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Dalai Lama Questions & Answers

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Quite Intresting

Question: Why is it better to meditate in the morning?

DL: There are two main reasons. Physically, in the early morning -- once you are used to it -- all the nerve centers are fresh, and this is beneficial. Also, there is a difference just in terms of the time. Further, if you have slept well, you are more fresh and alert in the morning; this we can see in our own experience. At night I reach a point where I cannot think properly; however, after sleeping and the waking in the early morning, that thing, which yesterday I could not properly think through, automatically appears more clearly. This shows that mental power is much sharper in the morning.


Question: What is the most expedient means for overcoming resistance to meditation?

DL: Five faults are explained as obstacles to meditation. The first is laziness; second is to forget the advice on the object, that is, to forget the object; next are laxity and excitement; then failure to apply an antidote when laxity or excitement are present, and the last is to continue applying the antidotes when laxity or excitement have already been overcome. These are called the five faults. Eight antidotes are explained for them. The antidotes to laziness are, first of all, the faith that intelligently sees the value of meditative stabilization, the prime value being that without it the higher paths cannot be generated. In dependence upon ascertaining the good qualities of meditative stabilization, the aspiration which seeks to attain those qualities is induced. By means of that, exertion comes whereby you eventually attain pliancy causing body and mind to be free from unfavorable states and to be serviceable in a virtuous direction such that whatever virtue is done is powerful. These four are the antidotes to the first fault, laziness.

It is helpful not to practice too long in the beginning; do not over- extend yourself; the maximum period is around fifteen minutes. The important thing is not the length of the session but the quality of it. If you meditate too long, you can become sleepy, and then your meditation will become a matter to becoming accustomed to this state. This is not only a waste of time but also a habit that is difficult to eliminate in the future. In the beginning, start with many short sessions -- even eight or sixteen sessions in a day -- and then as you get used to the process of meditation, the quality will improve, and the session will naturally become longer.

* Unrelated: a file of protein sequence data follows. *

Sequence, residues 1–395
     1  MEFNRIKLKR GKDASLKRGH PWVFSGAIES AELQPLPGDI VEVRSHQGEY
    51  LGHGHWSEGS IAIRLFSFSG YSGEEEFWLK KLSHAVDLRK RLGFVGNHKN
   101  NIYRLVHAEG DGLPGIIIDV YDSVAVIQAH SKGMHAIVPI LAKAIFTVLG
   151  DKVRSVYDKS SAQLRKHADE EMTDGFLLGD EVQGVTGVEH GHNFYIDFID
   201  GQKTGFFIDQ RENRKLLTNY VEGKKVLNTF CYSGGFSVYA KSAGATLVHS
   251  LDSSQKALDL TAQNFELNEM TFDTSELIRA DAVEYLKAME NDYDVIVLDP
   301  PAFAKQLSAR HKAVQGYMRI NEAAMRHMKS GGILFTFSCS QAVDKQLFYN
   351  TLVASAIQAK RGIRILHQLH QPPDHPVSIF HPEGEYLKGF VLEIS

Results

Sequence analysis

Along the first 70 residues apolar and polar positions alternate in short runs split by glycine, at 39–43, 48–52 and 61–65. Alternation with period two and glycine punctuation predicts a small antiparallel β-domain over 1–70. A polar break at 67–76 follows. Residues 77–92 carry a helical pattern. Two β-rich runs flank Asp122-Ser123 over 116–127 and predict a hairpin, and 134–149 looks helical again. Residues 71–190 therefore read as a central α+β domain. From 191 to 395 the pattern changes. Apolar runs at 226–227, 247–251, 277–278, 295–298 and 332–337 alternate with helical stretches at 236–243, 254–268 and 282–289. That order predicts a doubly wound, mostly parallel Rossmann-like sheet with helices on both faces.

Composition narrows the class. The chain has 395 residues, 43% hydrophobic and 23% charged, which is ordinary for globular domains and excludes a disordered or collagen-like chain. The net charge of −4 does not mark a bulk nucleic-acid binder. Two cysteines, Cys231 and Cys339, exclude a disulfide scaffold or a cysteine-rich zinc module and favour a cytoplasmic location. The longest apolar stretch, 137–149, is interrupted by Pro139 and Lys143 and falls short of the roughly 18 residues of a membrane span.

A sign that your meditative stabilization is progressing well is that even though your meditative session may be long, it will feel as though only a short time has passed. If it seems that you have spent a long time in meditation even though you have spent only a little, this is a sign that you should shorted the length of the session. This can be very important at the beginning.


Question: Could you say something about effort? Isn't a great deal of effort necessary?

DL: Effort is crucial in the beginning for generating a strong will. We all have the Buddha nature and thus already have within us the substances through which, when we meet with the proper conditions, we can turn into a fully enlightened being having all beneficial attributes and devoid of all faults. The very root of failure in our lives is to think, "Oh, how useless and powerless I am!" It is important to have a strong force of mind thinking, "I can do it," this not being mixed with pride or any other afflictive emotions.

Moderate effort over a long period of time is important, no matter what you are trying to do. One brings failure on oneself by working extremely hard at the beginning, attempting to do too much and then giving it all up after a short time. A constant stream of moderate effort is needed. Similarly, when meditating, you need to be skillful by having frequent, short sessions; it is more important that the session be good quality than it be long.

When you have such effort, you have the necessary "substances" for developing concentration. Concentration is a matter channelizing this mind which is presently distracted in a great many directions. A scattered mind does not have much power. When channelized, no matter what the object of observation is, the mind is very powerful.

There is no external way to channelize the mind, as by a surgical operation; it must be done by withdrawing it inside. Withdrawal of the mind also occurs in deep sleep in which the factor of alertness has become unclear; therefore, here the withdrawal of the mind is to be accompanied by very strong clarity of alertness. In brief, the mind must have stability staying firmly on its object, great clarity of the object, and alert, clear, sharp tautness.


Question: What is the relationship of the mind and afflictive emotions?